The Family Planning Summit 2020 (FP2020) has pledged to make contraceptives available to 120 million women, but Pakistan is struggling to do its part.
Pakistan is supposed to cover seven million of the overall goal of 120 million women, by providing them with family planning services. However, the welfare department is not equipped to deliver the services. Due to this, it has only been able to provide these services to two million women, since 2012.
The information was shared with a group of journalists at a session called here on Thursday to create an informal network of journalists and analysts in print and broadcast media in order to have prompt and convenient access to a shared pool of information and research on the subject.
FP2020, a global movement, works with governments, civil society, multi-lateral organisations, donors and the research and development community, to reach out to 120 million women and girls, to enable them to use contraceptives by 2020.
Family planning is the strongest tool with which to improve the health of mothers and children, as well as overall social, economic and development indicators, said Director Communications at Population Council Seemin Ashfaq.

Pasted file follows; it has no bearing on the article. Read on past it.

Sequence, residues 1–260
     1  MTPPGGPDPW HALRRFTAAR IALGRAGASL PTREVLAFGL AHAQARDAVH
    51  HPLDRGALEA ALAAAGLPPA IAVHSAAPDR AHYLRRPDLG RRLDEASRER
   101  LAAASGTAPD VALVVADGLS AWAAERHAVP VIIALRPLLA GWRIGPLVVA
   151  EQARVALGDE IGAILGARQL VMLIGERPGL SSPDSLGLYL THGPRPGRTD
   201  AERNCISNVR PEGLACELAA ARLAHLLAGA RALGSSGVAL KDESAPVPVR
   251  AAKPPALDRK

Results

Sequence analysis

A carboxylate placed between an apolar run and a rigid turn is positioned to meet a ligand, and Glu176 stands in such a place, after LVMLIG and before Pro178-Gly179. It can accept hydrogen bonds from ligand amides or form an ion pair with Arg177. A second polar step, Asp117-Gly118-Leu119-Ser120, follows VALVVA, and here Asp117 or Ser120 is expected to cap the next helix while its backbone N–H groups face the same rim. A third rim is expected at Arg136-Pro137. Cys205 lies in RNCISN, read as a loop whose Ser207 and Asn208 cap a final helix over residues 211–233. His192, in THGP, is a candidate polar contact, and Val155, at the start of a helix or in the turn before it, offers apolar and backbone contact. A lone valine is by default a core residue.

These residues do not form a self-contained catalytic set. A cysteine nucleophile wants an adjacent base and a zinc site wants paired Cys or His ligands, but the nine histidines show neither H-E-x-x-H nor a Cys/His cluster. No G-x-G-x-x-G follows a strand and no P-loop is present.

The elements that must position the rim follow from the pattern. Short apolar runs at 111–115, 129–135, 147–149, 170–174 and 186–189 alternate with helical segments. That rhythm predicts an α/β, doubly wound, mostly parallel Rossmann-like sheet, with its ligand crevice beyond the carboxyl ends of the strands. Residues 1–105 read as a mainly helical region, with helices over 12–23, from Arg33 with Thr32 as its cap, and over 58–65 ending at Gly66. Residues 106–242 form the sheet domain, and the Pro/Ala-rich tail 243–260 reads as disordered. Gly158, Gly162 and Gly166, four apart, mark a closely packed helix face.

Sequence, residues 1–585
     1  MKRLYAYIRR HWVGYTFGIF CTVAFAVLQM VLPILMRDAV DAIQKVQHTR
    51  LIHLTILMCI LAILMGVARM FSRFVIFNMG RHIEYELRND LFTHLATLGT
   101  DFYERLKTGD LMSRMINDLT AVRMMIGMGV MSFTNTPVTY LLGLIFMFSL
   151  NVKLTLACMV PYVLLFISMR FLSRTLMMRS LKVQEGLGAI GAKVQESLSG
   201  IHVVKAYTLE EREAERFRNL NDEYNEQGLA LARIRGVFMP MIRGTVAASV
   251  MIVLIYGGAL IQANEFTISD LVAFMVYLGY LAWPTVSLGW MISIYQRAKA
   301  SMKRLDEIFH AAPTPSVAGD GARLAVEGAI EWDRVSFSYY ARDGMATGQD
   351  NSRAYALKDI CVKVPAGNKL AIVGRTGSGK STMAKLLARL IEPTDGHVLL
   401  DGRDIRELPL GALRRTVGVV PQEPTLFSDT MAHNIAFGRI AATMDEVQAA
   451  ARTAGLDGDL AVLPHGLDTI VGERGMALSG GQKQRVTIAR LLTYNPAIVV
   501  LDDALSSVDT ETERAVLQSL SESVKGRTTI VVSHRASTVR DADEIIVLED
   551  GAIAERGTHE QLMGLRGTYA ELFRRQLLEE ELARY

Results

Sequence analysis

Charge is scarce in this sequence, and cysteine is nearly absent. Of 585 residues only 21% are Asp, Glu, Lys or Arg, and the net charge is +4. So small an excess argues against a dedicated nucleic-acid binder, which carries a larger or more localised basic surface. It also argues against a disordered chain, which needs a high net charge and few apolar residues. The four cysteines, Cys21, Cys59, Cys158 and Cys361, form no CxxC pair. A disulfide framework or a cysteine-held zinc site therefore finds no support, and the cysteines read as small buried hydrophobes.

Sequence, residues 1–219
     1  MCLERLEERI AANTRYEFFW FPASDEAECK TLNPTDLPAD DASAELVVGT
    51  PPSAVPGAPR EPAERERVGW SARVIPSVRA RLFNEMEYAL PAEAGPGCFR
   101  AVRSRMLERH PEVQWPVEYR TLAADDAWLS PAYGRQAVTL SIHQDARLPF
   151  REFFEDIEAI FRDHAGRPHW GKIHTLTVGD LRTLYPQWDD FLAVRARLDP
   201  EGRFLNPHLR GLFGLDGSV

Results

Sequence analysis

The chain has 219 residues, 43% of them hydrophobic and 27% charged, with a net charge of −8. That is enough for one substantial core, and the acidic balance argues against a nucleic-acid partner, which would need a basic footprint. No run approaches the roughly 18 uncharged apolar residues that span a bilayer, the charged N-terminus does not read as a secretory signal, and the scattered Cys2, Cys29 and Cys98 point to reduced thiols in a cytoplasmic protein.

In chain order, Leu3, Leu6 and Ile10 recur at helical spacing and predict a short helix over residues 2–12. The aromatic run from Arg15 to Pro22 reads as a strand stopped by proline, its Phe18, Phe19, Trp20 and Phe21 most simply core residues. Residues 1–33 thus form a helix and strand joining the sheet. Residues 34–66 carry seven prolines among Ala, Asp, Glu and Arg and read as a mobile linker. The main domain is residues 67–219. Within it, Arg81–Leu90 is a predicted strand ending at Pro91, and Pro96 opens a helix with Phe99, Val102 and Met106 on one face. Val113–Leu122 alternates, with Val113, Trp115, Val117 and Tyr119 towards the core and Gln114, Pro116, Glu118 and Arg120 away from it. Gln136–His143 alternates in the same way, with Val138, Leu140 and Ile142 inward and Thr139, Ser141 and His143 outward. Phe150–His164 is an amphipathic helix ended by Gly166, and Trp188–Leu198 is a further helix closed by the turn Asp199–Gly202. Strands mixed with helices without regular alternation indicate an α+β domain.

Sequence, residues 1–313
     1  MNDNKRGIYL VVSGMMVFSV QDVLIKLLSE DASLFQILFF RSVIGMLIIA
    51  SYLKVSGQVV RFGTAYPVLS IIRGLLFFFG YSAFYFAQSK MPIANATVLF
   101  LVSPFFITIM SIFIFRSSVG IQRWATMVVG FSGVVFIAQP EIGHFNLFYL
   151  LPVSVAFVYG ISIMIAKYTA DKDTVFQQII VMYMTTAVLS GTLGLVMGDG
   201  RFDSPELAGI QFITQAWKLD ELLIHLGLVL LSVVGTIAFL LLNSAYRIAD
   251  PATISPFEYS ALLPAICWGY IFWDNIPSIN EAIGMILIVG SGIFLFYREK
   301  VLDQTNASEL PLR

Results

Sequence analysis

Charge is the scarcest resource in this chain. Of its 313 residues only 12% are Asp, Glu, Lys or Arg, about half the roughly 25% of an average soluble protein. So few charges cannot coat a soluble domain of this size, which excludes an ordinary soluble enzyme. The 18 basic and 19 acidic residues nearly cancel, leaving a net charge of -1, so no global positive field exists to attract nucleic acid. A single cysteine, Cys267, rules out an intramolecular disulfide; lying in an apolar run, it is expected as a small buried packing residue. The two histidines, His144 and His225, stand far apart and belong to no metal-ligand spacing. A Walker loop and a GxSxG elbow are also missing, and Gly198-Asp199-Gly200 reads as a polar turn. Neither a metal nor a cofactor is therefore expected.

Research has shown that the deaths of mothers in labour has been reduced globally by 40 per cent, simply by spacing out pregnancies by using contraceptives, as frequent pregnancies leave women anemic, who later on die due to pregnancy-related complications, she said.
The current rate of contraceptive use in Pakistan is 35.4 per cent, she informed, and while a huge majority wish for gaps between pregnancies, the population welfare departments in the country have failed to provide family planning services to the population. About 20 per cent of Pakistani couples want to use birth-spacing methods but don’t have accesses to family planning services, she added.
“There are only 19,000 public health centres, and 3000 population welfare centers in the country, which are expected to cater to a population of 190 million”, informed Senator (retd) Javed Jabbar, who moderated the discussion. “Thus, 40 to 50 per cent of the population does not have access to general health care and family planning services”, he said.
The statistics of maternal death in Pakistan is alarming, he said, adding that its even worse than in African countries. “In Iran, 80 per cent of married couples use contraceptives, but in bordering Balochistan only 20 per cent use it. It’s a disgrace that we have not been able to make birth-spacing services and maternal care accessible to our women”.
Every day 39 mothers die due to pregnancy-related issues but this somehow does not make news, said Seemin.
Published in The Express Tribune, July 22nd, 2016.